Five Wellingtonians have been shortlisted as finalists for the Adam Prize for Portraiture.
Sacha Lees, Sam Balzer, Kate MacIntyre, Clark Roworth and Erica Gray have been announced as five of 45 finalists from New Zealand. prestigious and popular portrait award. The prize is a biennial portrait painting competition held at the National Portrait Gallery in Wellington since 2000.
The contest is open to all residents and citizens of Kiwi, and finalists are selected anonymously. Portraits must be painted, with subjects also having to be Kiwi residents or citizens. The idea is to give Kiwi painters at all stages of their career the opportunity to showcase their talents on a national scale, while recording the changing face of Aotearoa. This year’s competition attracted 351 entries.
Lees, a fine and commercial Wellington-based artist who won the Adam Portraiture Award in 2020, was shortlisted again this year for her work See Me, which depicts her 9-year-old daughter.
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“We are mere voyeurs of a superficial reflection, rarely looking beyond the surface – everyone looks but few see,” Lees said of his work. “To capture that fleeting moment before it was grabbed by the swiftness of time, I had to dedicate myself to really seeing myself allow myself to embody the fervent spirit of my 9-year-old daughter.”
A self-taught painter and trained historian, MacIntyre was nominated for her portrait Hapimana Gilbert Whareāhuru (Ngāti Tara, Ngāti Maringi, Ngāti Uenuku).
Through her work as a historian, MacIntyre enjoyed the “extraordinary privilege” of spending time in te ao Māori, and some people she had met and befriended agreed to sit for her brush.
“Hapimana ‘Aiden’ holds firmly to the legacy left by his tūpuna, dedicating himself to improving the welfare of his tribe and his community. He is patient, humble and dignified, and in the brief moments when he stops to move, he can often be found at his office in Raetihi offering visitors fresh carrot juice,” MacIntyre said of his subject.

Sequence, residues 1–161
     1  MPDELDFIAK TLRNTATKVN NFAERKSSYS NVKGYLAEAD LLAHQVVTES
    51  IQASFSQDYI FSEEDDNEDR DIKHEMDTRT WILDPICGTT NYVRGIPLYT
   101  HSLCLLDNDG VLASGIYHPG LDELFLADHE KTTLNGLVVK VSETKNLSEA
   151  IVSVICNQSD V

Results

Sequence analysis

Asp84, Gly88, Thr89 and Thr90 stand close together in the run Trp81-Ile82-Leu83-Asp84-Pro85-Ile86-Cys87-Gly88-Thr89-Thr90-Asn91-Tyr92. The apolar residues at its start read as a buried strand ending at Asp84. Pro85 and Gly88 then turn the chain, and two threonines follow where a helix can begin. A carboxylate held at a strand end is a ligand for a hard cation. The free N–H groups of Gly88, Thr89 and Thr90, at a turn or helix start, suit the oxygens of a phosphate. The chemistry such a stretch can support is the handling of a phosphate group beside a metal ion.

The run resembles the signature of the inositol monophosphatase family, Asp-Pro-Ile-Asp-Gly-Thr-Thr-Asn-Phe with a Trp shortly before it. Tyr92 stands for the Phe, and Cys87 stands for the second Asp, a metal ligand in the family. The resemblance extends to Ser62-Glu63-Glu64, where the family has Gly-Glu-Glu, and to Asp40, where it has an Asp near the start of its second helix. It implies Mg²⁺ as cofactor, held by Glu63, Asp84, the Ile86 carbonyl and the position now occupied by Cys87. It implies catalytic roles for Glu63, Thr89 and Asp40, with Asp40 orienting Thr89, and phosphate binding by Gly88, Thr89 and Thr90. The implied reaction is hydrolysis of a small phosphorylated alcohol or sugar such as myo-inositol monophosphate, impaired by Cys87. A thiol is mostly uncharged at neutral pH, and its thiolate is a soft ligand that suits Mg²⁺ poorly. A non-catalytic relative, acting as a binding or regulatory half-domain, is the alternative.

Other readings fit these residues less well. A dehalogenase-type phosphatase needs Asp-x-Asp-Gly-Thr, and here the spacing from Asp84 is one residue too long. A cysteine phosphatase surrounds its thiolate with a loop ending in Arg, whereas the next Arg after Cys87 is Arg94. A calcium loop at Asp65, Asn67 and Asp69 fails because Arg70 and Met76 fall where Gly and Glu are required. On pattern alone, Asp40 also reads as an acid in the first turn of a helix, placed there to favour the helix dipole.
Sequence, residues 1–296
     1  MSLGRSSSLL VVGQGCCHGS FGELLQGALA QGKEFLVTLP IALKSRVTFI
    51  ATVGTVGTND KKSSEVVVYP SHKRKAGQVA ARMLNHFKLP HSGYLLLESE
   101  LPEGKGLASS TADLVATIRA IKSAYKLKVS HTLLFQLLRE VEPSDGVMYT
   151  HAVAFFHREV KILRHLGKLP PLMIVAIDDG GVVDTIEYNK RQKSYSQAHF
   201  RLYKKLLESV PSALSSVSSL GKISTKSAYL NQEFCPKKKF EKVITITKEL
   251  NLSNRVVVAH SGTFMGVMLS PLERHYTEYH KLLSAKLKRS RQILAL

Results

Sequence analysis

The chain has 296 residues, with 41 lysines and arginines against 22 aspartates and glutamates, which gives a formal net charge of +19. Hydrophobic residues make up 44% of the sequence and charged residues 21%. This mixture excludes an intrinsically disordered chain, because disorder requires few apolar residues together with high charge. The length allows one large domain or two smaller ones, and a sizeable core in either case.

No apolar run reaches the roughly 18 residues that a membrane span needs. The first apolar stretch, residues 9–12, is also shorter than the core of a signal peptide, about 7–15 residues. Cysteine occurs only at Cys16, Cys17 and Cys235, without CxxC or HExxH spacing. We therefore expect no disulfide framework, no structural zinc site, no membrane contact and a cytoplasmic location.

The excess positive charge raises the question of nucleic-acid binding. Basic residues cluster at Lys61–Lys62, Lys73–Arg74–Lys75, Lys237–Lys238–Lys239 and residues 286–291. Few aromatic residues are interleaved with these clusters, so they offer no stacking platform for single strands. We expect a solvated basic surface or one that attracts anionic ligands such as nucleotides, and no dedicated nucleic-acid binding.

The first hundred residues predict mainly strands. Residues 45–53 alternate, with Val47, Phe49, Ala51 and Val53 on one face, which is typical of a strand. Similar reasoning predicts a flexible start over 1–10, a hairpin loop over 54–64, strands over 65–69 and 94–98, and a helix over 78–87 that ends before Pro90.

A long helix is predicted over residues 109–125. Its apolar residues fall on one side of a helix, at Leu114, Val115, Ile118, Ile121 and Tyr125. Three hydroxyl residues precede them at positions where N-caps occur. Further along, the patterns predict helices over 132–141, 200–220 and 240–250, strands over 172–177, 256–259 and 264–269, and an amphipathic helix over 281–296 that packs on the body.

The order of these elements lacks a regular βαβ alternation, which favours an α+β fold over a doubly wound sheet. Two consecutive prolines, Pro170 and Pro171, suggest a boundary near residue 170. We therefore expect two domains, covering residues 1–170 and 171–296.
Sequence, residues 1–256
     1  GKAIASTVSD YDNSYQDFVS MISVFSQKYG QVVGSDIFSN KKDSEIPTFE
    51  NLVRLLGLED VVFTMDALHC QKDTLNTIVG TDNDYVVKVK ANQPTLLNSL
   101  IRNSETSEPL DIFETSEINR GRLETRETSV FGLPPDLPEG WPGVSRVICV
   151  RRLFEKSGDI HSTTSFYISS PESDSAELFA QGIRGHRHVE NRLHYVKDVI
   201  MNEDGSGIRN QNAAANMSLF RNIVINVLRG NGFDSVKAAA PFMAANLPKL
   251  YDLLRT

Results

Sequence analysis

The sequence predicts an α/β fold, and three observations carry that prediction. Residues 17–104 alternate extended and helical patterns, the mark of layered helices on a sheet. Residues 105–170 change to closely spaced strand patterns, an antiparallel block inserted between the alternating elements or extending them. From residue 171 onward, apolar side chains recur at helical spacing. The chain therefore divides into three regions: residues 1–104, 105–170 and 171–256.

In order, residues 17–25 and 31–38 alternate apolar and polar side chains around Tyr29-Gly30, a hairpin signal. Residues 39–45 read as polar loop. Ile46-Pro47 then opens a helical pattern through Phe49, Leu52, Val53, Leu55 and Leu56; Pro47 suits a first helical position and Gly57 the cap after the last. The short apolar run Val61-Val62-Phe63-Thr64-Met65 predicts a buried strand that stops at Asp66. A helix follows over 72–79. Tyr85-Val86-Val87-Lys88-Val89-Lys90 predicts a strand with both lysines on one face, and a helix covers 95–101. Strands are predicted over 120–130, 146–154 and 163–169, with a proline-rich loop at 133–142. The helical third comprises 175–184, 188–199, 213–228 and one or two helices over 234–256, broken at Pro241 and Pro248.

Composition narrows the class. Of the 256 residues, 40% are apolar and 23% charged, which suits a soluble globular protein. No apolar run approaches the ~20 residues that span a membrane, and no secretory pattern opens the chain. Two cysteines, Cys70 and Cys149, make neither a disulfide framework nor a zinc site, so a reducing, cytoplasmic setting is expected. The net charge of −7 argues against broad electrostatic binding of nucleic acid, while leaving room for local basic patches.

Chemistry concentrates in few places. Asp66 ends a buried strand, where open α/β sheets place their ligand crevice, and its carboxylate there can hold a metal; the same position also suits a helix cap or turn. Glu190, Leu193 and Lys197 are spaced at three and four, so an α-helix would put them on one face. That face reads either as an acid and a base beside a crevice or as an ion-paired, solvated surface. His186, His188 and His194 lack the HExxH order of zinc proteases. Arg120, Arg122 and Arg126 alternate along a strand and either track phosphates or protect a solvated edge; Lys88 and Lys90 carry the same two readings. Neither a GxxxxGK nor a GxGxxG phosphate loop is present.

Gray lives and works on the Gold Coast in Australia as a professional artist, but was born in Ōtaki on the Kāpiti coast. Gray had 13 garments selected to be part of World of WearableArt’s landmark shows, and because of this decided to capture her sense of respect and admiration for the show and the woman behind it, its founder. Dame Suzie Moncrieff, for his portrait.
Roworth was selected as a finalist for his Sad Cowboy. For his portrait, he said he wanted to convey a sense of a place and character lost in time.
“Depicting the subject as a cowboy and using a single light source gives it a feel of royal pause and allows the viewer to imagine what they may be crying or pondering,” he said.
“I strive for character in my paintings and built the frame to complement the gothic aesthetic and feel. I tried to bring this painting to life by putting color in unexpected places and patinating the frame to show a life he may have lived.
Film designer and painter Balzer was nominated for his Doomscrolling, which depicts his roommate.
“In painting [my flatmate] James, I wanted to capture a snapshot of life, a relatable moment in which everyone can see a reflection of themselves. … It was an authentic portrayal of James, at some point, happening all the time,” Balzer said.
Some notable Kiwis featured in other finalist portraits for this year’s awards include Peter Yealands, Judy Darragh and Steve Chadwick.
The prize is endowed with a prize of $20,000 and its winner will be selected by judges before the start of the exhibition which presents all the works of the finalists at the Portrait Gallery. The Second Prize and People’s Choice winners will each receive $2,500.
The awards are sponsored by the Adam Foundation.
- The finalist exhibition runs from 27 May to 14 August at NZ Portrait Gallery, Shed 11, Wellington waterfront. Selection of paintings to tour the country afterwards.